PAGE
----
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Exports Multiplicity and The Dutch Disease

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  • Bosupeng, Mpho

Abstract

Following macroeconomics, an increase in exports should raise the Gross Domestic Product (GDP). However, the extant literature regarding comovement and causality between exports and GDP has not been consistent. Previous studies mostly attempted to link exports with GDP without attempting to relate each individual export commodity with economic growth. This study attempts to fill this gap using statistics for the Botswana economy by examining the country’s major seven export commodities namely: diamonds, gold, beef, soda ash, vehicles, copper-nickel, and textiles for the period 2006Q1-2013:Q4. The evaluation uses the popular Granger causality test and the Johansen cointegration procedure to examine statistical drifts between each merchandise and GDP. While the expectation was that all export commodities would trend together with GDP for the period under examination, the cointegration tests only affirmed long run affiliations between GDP, copper- nickel and textiles. The Granger causality test results were also not consistent in terms of causal relations, revealing causality only between GDP, textiles and Gold. The study then goes ahead in providing several recommendations for the Botswana scenario particularly considering Dutch disease effect.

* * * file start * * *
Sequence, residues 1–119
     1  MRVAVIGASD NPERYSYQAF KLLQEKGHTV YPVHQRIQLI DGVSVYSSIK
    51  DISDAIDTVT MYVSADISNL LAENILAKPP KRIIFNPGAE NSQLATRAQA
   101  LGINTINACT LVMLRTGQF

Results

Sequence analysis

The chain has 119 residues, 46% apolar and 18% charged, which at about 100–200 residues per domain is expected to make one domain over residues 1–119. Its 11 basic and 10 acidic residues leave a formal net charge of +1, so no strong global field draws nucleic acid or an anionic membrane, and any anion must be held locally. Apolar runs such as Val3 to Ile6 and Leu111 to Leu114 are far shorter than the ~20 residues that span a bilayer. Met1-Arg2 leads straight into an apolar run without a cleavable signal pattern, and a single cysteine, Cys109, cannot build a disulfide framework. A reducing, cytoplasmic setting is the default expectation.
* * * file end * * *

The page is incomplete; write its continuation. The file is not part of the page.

Suggested Citation

  • Bosupeng, Mpho, 2015. "Exports Multiplicity and The Dutch Disease," MPRA Paper 77919, University Library of Munich, Germany, revised 2015.
  • Handle: RePEc:pra:mprapa:77919
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    More about this item

    Keywords

    Exports Variety; GDP; Granger Causality; Cointegration; Dutch Disease;

    JEL classification:

    • F41 - International Economics - - Macroeconomic Aspects of International Trade and Finance - - - Open Economy Macroeconomics
    • F43 - International Economics - - Macroeconomic Aspects of International Trade and Finance - - - Economic Growth of Open Economies

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